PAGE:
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Johnson looks to regain edge

- sfowler@charlotteobserver.com
Friday, Oct. 12, 2012

Jimmie Johnson was once nearly unbeatable at Charlotte Motor Speedway.

From 2003 to 2005, Johnson won five of the six points races contested at CMS. If he wasn’t in the lead, you were surprised.

Johnson needs to regain that mojo Saturday night in the Bank of America 500. He ranks second in points in the Chase for the Sprint Cup Championship as the midway point of NASCAR’s playoffs arrives – but leader Brad Keselowski has a 14-point margin and a lot of momentum.

Johnson starts fifth Saturday night as he tries to gain ground in his quest for his sixth series championship in the past seven years. CMS remains one of his favorite tracks – he won the non-points all-star race in May and has finished in the top 10 at CMS 63.6 percent of the time. But Keselowski has also been very good on 1.5-mile tracks this season.

“I think we’ll be real competitive,” Johnson said. “We had an advantage with the old [CMS track] surface. Then they ground it and we were still on top of things, and then the repaving was really a great equalizer…. We really hope to be back to our winning ways here too and this would be a good time to have that happen.”

Johnson is in a familiar position as the driver for Hendrick Motorsports with the best chance to win the championship. Dale Earnhardt Jr. was the best Hendrick finisher for much of the regular season, but Earnhardt Jr. is now out for two races with a concussion. That reminded Johnson of one of the scarier moments from his own concussion in 2000.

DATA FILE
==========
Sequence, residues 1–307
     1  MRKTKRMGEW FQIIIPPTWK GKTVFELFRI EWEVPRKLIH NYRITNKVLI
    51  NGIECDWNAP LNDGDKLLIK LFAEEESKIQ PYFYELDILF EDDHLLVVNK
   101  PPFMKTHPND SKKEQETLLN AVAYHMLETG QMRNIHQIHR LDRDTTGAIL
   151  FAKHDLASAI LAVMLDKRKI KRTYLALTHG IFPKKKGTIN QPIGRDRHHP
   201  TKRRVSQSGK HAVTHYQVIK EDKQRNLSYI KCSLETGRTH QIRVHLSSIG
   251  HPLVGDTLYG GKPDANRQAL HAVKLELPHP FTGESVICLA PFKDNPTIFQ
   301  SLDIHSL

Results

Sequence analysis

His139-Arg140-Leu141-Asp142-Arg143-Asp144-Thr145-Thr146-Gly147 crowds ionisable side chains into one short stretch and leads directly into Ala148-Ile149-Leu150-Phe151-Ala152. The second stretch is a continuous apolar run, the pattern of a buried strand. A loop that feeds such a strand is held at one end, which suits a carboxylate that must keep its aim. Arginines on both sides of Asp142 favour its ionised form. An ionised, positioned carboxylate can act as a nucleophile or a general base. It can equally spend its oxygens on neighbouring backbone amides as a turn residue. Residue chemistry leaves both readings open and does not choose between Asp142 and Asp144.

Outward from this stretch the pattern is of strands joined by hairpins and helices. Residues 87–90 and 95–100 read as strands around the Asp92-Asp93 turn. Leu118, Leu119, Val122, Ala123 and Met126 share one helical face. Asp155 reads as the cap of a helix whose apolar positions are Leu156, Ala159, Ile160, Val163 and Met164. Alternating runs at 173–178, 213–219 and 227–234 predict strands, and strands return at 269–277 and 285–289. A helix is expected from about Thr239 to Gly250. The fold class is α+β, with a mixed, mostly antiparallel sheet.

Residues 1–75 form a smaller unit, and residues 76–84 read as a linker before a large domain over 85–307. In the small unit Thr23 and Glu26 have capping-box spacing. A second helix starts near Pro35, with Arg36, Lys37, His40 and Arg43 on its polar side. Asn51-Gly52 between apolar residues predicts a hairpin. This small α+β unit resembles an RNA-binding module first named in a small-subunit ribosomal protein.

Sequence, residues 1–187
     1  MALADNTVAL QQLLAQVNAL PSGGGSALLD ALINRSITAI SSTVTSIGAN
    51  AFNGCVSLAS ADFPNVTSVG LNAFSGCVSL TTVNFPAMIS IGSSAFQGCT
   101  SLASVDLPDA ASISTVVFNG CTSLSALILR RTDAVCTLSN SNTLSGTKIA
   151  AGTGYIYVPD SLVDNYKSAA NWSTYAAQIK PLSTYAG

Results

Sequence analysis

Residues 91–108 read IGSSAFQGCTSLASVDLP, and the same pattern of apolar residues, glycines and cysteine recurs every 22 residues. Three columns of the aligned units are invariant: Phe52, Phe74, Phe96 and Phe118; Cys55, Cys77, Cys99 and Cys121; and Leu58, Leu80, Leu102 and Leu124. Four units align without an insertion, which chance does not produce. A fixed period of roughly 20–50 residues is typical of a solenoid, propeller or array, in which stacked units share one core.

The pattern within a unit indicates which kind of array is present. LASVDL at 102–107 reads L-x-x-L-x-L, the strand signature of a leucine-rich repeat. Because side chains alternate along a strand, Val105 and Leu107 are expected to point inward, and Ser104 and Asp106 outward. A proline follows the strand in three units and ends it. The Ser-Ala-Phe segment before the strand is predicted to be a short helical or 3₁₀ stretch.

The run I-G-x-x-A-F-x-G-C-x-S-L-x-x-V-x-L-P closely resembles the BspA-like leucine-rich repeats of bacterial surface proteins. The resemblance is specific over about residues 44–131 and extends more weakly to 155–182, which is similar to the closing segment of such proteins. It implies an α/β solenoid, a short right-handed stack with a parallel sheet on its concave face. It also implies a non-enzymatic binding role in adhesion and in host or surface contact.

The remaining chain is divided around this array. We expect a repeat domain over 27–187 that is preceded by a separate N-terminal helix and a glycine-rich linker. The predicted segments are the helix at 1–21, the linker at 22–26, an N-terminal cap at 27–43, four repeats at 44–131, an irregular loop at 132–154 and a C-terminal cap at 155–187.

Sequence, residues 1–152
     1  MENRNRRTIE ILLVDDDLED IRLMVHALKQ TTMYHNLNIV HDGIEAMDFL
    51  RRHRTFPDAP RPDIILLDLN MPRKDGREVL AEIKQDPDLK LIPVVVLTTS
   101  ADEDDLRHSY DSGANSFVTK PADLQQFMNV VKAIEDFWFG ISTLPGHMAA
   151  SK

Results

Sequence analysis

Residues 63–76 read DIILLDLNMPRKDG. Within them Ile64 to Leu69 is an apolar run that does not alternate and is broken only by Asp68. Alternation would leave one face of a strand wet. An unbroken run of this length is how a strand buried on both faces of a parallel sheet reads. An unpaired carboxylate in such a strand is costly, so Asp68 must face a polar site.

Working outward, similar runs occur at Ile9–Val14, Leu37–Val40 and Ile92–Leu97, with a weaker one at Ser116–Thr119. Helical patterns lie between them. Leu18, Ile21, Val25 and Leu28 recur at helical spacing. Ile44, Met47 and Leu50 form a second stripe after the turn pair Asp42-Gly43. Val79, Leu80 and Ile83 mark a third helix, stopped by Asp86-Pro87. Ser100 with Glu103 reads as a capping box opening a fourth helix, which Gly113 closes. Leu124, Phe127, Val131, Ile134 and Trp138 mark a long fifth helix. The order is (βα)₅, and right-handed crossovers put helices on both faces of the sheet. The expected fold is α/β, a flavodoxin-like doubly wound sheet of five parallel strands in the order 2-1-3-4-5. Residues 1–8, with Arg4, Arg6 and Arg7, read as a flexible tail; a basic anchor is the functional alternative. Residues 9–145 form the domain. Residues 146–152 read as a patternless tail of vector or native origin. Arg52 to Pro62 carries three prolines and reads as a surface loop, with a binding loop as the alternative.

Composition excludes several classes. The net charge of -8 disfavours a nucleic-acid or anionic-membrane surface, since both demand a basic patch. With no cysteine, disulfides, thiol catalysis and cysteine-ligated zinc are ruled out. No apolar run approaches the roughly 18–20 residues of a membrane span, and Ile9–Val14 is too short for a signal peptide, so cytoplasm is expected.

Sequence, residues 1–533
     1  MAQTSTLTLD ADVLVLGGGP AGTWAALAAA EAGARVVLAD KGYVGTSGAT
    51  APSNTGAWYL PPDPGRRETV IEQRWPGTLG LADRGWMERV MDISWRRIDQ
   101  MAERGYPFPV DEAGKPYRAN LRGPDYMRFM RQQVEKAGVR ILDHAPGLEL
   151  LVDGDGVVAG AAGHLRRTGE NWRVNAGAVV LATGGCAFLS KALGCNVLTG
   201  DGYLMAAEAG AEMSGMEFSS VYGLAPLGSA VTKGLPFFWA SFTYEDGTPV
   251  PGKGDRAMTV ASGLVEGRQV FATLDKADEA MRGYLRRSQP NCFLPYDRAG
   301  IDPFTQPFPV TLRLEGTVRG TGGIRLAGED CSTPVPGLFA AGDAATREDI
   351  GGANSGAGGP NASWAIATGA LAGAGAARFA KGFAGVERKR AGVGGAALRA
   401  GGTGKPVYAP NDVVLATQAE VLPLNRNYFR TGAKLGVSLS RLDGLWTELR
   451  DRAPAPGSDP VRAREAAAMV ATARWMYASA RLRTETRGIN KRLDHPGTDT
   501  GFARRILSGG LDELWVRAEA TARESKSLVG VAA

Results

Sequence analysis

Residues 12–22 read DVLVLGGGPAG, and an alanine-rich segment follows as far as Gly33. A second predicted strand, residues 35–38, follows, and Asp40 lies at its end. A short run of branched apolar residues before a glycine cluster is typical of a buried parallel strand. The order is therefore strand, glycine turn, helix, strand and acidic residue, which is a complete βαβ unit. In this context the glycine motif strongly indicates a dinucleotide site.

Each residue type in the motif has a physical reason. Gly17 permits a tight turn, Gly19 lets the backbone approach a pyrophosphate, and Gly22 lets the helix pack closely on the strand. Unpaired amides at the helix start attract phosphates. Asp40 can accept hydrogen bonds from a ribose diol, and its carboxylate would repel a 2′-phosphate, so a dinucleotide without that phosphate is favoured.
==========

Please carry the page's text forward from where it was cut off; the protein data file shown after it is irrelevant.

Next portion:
“When I had the brakes go out at Watkins Glen, I had one [concussion] following that,” Johnson said. “I literally got in my truck and was going to drive to the race shop. And I got on I-77 and went north – I should have gone south – and ended up at Interstate 40 before I realized like, ‘Where am I going?’ ”

Nicknamed “Five-Time” for his five titles, Johnson would like to make people change that sobriquet. During four of his five title runs, he came out of the October Charlotte race either No. 1 or No. 2 in the points race. “I’ve had some quick starts and I’ve had some really slow starts and have won both ways,” said Johnson, who was also seventh coming out of Charlotte in 2006 but won the title.

When I hear Johnson talk, sometimes I am reminded of tennis star Roger Federer. Both are supremely confident and don’t try to hide it, but both are so likable and have won so many titles that they aren’t considered egotistical.

Johnson, 37, makes the Chase every year, contends every year and wins it most years. This year won’t be any different. Keselowski doesn’t seem the type to be watching his rear-view mirror, but Johnson isn’t going away. He knows he likely won’t make up 14 points in a single race, but he hopes that by the Martinsville race on Oct. 28 – where Johnson traditionally runs better than Keselowski – he will have significantly cut into the deficit.

When asked if he was shocked Keselowski leads the field with six races to go, Johnson said: “I’m not shocked. But if you asked me before the Chase started who would be leading at the halfway mark, I would put [Keselowski’s No. 2 car] in the mix, but I wouldn’t put them out front. To me, I kind of look at veterans. I would put Jeff Gordon up in there…. Guys that have won championships, I always see first. I would have expected Tony (Stewart) to be up there a little higher, too, at this point. So, it’s nothing against the No. 2 (Keselowski) by any means, but the way my mind works, when you get into these 10 races and the pressure really kicks in, I first look at previous champions and then guys that have been there in the fire.”

Scott Fowler: sfowler@charlotteobserver.com; Twitter: @Scott_Fowler

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